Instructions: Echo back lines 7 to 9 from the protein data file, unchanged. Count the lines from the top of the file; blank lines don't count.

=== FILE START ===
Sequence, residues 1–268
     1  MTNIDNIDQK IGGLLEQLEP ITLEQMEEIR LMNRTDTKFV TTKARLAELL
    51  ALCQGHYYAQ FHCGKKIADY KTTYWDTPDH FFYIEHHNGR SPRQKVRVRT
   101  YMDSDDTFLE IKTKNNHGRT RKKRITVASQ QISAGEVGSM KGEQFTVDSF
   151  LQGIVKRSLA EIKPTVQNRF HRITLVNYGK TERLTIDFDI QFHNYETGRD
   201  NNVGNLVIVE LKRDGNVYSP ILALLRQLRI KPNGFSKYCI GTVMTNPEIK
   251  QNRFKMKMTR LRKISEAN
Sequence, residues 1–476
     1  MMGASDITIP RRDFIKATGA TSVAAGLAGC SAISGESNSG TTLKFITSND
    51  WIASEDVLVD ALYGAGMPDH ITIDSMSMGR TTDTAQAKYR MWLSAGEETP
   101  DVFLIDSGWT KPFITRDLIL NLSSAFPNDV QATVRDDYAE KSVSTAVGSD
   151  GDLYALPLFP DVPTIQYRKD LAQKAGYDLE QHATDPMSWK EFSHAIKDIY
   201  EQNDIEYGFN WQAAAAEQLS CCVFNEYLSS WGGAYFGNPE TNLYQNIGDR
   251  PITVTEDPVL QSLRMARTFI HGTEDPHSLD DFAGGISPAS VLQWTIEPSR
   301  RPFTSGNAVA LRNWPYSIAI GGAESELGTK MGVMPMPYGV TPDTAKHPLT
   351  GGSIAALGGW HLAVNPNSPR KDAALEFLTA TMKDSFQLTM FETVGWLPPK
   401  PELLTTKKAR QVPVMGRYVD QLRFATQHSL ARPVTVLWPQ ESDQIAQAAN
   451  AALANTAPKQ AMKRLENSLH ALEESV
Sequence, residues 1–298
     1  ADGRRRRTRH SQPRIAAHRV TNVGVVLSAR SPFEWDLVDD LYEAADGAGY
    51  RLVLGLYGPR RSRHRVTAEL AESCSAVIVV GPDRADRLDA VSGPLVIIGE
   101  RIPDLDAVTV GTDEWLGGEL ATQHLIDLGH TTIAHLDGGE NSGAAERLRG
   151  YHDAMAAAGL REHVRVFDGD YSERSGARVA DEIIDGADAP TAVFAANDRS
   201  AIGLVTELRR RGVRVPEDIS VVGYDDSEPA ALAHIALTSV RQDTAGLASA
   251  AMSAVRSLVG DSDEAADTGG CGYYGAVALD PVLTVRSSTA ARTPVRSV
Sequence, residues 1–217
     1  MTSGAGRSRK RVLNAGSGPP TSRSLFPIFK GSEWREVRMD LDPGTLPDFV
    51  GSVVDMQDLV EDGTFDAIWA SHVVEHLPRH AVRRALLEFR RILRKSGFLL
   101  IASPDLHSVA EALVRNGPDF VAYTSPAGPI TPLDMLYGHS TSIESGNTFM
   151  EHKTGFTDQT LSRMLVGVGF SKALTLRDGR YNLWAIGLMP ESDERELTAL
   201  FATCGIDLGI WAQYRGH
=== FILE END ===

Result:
   251  QNRFKMKMTR LRKISEAN
Sequence, residues 1–476
     1  MMGASDITIP RRDFIKATGA TSVAAGLAGC SAISGESNSG TTLKFITSND